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To add to grouah's answer, this ne is probably a reflection of the same particle found in Latin, as Grevisse points out (Bon usage, 14th ed. §1023 H1). That particle was to be found before the object clause of verbs expressing worry or fear, which is also the most common occurrence in French (In Latin, said object clause could even be negative in its own ...


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In grammar, this ne is called an expletive, i.e. a word "used without being needed for the meaning or syntax of a sentence." Here are some explanations: The ne explétif does not add any meaning – negative or otherwise – to the sentence; it’s just there to draw attention to what precedes it. It’s formal and optional, and used after certain verbs ...


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In more technical areas of color discussion, what is "purple" in English (i.e. everything between indigo and magenta on the color wheel) is divided between "pourpre" on the reddish side of things (Pourpre being originally what English refers to specifically as Tyrian purple) and "violet" on the bluish side of things. (cf. Trésor ...


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Not really. In this case, "poids" just means "influence" (or more explicitly "interference/pressure"). It's the exact same metaphor when you say in English that something "weights on" you (in nglish you might also talk about the burden of something).


9

The proximity to mille et une nuits (One Thousand and One Nights) and later, the presence of the sept péchés capitaux (seven deadly sins) leave little doubt that Prévert is suggesting the trente-deux positions amoureuses also found in André Breton's Immaculée conception (1930).


1

Fracas (dictionnaire de l'Académie) indique plusieurs sens mais aucun qui signifie bagarre. Ce n'est pas d'un usage très courant dans la langue parlée.


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En français, le mot "fracas" signifie littéralement "bruit violent et soudain" ou "agitation bruyante". Dans le cas d'une bagarre, on peut considérer que c'est un emploi correct puisque décrivant un moment d'agitation bruyante. C'est un mot que tout le monde comprend, mais en tant que natif dans la vingtaine, issu d'un milieu &...


2

Yes, mis à part or just à part are usable in both contexts. Should you want to insist on the inclusive or exclusive status: En plus de l'Allemagne, ils ont aussi visité l'Italie et l'Autriche Je serai à Londres toute la semaine sauf vendredi. À l'exclusion de vendredi, je serai à Londres toute la semaine.


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Native speaker. Yes, you can use the expression mis à part to convey either inclusion or exlusion in French just like you do in English. Examples of inclusion: Mis à part le risotto, avez vous d'autres plats végétariens au menu? Mis à part Sophie qui a déjà demandé un croissant, qui d'autre veut un croissant? Examples of exclusion: Mis à part le risotto ...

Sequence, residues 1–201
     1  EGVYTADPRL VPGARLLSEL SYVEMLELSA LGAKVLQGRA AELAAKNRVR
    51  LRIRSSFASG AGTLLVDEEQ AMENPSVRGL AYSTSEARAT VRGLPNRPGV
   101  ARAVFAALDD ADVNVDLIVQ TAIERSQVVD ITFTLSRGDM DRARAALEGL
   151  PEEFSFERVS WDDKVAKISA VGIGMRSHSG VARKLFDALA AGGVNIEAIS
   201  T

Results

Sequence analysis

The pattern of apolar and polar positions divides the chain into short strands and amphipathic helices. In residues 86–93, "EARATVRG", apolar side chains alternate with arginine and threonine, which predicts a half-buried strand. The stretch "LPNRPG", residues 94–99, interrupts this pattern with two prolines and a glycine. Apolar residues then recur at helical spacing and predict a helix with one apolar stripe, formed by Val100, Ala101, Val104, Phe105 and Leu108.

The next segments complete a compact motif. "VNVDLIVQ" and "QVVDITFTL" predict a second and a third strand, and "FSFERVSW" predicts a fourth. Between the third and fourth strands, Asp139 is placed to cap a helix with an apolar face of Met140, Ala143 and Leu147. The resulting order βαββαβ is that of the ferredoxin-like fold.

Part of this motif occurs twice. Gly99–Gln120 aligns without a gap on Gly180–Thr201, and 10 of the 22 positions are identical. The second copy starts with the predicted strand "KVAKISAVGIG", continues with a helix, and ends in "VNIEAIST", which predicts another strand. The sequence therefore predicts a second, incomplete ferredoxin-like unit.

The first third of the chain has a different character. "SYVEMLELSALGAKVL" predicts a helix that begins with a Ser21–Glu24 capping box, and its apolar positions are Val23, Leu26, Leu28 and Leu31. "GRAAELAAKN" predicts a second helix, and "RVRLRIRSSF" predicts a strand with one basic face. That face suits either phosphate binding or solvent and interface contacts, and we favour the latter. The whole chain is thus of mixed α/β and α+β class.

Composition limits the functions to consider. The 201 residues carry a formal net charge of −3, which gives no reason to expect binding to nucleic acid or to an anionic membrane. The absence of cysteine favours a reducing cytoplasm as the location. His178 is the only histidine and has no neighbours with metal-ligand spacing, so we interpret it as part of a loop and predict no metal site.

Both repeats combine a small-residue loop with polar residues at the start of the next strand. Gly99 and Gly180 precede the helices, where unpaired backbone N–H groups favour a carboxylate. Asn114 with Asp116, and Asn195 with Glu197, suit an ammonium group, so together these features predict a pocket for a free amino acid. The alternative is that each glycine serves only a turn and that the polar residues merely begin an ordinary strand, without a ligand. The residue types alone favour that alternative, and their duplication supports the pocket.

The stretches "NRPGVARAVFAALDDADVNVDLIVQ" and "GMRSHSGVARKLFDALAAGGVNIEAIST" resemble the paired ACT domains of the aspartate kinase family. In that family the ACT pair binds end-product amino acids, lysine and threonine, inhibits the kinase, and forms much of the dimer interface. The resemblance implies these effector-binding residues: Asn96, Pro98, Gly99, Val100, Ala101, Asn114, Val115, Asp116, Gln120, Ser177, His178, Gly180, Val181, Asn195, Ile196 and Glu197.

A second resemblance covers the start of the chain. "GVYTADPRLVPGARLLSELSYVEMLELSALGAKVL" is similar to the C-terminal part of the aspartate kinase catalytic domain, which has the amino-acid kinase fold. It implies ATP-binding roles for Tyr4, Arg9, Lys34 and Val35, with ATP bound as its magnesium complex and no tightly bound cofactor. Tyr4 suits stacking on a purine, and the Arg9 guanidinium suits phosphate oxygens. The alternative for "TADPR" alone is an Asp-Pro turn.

2

This one is an exception to one of the rules about the place of the adjective, usually all past particle taken as adjectives are supposed to go after the noun. But the exceptions are soi-disant prétendu ledit damné maudit sacré foutu fichu regretté (au sens de défunt) And expressions: dévoué estimé vénéré etc. Source: Grevisse So you will say: ma mère ...


8

Puisque has a cause/effect meaning and it is used when since is a synonym of because: Since you are in the kitchen, could you bring me a cup of coffee? Puisque tu es dans la cuisine, pourrais-tu m'apporter une tasse de café ? Depuis is for the cases where since have a meaning of time, space or when we are speaking about series: Time: This company is ...


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Unlike the answer that the first link in your question leads to, I don't believe that s'en falloir de per se is an idiomatic expression, because it has not been declared as such in any dictionary I checked. Let's look at the following examples of the Dictionnaire de l'Académie française to understand better. Il s'en faut de cent francs. Peu s'en faut/ Peu s'...


3

Nous vous inviterons dans un grand restaurant à Paris. is very affirmative (You will be our guest(s) in a famous restaurant in Paris). No answer is really expected so there is almost no provision for the invited person(s) to refuse. As this is going to happen, "We'll take you out to a famous restaurant in Paris" is an accurate translation. Should ...


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Native French speaker here. In French, "Nous vous inviterons dans un grand restaurant à Paris" means "we will pay for it". Reference: "Payer le repas, la sortie, la consommation, etc. : Bois autant que tu veux, c'est Paul qui invite." https://www.larousse.fr/dictionnaires/francais/inviter/44137


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Inviter implies that the decision whether the *invité(e)(s) * will accept or not is still to be made. Ex: -Nous vous invitons au restaurant le 26. -Ah, désolé, nous sommes déjà pris. Emmener implies that the decision has been made, and the invitation has been accepted (or, that there was no decision to be made, and that it was understood by all parties ...